Being a parent is an exciting journey. For one thing, you get to do a lot of really fun stuff that you otherwise might miss out on completely as a "regular" adult. Years ago, I toured an aircraft carrier in New York as part of Fleet Week, and I remember wishing I had borrowed someone's child to bring along, so that I could go into all the helicopters, etc, without feeling like an interloper. Well, now I have my very own ticket to all sorts of interesting shenanigans.
The most recent one was our town's annual Flashlight Egg Hunt, just before Easter. For some reason, we had never attended before, but I am pretty sure we will make it a new tradition, until she decides she is "too old" and gets fed up.
It was a wonderfully bizarre and surreal experience. Having no idea what to expect, we arrived to a carnival atmosphere and lot of really, really hyper kiddos.
In the interest of fairness, there were three separate hunts: one at twilight for the younger children, one a bit later for the older ones who still wanted a parent to come along, and one good and late for the rest.
I signed up my daughter for the last one, and, after I attempted to find out where we were supposed to be and when, we hit the playground.
It was chaos. I found myself feeling thankful that our town is relatively small and relatively safe, since I had no chance of keeping up on foot and could barely even manage with my eyes.
Eventually we made our way to the area where the hunt was going to be held. It was fenced off with chicken wire (I really have to hand it to the parks department for their Herculean effort for the event), and metal barriers were put at the opening to form a sort of holding pen at the entrance. The kids packed themselves in with gusto. These were the Serious Players, ranging in age up to what I have to assume was teens, since some of them were definitely taller than me.
They waited with an admirable amount of patience; after a while a DJ rode up on a golf cart tricked out with huge speakers, and whipped them into a frenzy with candy dances and the appearance of the Easter Bunny, who also danced.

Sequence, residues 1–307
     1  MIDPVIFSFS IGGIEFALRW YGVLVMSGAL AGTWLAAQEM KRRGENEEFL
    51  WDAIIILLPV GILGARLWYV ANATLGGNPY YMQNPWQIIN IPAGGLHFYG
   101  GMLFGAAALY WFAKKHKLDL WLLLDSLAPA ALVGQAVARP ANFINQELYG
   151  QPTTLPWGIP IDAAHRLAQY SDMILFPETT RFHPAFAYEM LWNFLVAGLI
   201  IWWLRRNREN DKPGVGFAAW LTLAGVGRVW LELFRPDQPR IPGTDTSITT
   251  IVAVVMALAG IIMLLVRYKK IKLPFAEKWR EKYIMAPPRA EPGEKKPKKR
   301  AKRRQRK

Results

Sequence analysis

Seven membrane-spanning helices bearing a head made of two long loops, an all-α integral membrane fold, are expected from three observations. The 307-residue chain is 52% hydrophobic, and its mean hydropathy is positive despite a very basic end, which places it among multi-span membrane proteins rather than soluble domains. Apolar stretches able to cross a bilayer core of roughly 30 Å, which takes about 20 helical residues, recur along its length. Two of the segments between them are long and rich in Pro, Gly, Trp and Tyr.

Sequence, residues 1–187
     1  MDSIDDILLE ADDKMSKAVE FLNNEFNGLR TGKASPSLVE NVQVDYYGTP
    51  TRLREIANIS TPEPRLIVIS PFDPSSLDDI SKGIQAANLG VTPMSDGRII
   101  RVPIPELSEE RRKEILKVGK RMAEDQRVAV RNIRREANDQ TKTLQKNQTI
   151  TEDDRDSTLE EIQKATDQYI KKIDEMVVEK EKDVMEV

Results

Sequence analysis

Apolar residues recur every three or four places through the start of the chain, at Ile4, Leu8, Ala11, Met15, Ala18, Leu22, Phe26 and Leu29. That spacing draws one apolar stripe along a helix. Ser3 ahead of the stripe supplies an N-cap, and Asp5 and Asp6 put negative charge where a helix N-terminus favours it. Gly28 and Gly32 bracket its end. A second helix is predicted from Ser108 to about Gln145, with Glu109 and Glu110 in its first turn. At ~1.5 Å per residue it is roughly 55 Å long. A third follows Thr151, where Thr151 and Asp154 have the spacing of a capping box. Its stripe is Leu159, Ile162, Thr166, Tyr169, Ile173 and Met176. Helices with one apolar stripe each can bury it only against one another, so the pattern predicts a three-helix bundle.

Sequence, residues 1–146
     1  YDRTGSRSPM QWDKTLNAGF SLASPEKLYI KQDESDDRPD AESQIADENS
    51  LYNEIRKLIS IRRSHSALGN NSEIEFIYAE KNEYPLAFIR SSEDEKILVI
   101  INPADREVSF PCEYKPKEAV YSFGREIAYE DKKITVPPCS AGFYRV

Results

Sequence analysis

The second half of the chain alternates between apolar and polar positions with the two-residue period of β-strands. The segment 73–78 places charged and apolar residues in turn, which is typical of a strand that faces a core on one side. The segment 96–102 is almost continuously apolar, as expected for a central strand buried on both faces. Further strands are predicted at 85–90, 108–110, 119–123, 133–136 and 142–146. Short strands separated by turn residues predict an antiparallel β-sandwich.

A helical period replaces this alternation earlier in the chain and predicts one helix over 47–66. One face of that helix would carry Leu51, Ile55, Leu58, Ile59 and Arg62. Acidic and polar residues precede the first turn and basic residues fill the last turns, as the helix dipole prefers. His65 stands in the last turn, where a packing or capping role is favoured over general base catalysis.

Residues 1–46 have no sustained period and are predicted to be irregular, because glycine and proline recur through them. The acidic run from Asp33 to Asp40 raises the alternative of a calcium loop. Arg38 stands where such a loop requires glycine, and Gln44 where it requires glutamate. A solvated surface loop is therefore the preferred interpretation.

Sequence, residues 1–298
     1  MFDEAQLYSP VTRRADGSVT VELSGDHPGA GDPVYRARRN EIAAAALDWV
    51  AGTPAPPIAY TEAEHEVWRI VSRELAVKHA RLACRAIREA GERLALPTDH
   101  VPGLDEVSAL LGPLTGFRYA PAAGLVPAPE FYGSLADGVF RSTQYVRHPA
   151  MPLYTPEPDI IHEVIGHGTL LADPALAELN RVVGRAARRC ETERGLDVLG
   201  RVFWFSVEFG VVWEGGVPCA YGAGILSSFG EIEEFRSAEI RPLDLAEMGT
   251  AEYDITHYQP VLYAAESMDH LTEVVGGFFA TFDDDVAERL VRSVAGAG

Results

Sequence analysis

While all of this was going on, I watched as event volunteers lugged huge trash cans full of stuffed eggs and other goodies into the field and hurled armloads of the contents out onto the grass. I'm almost temped to volunteer next year, just for the pleasure of chucking candy filled eggs with wild abandon. A woman asked me nervously where was the exit to the hunt, and would she be able to find her child afterward in the dark, should they agree on a place to meet? I'm guessing that holding a camera makes a person look like they Know Things. I told her my daughter and I had agreed to meet at a specified tree, although afterward I decided to go wait at the exit instead, where participants emptied their booty into baskets and put the discarded eggs back into bins to be recycled for next year.
When all the eggs had been "placed," the gates were open and everyone went in single file, to wait along the fenceline until the sounding of an air horn that meant the hunt was on. Fifteen minutes, and it was all over! We rifled through her goodies and settled in with kettle corn to watch the outdoor movie, until the cold got to us and we decided to go home.
Next Easter: BRING IT ON!
All photos except the first are Cinestill 800T film, made with Nikon FM2.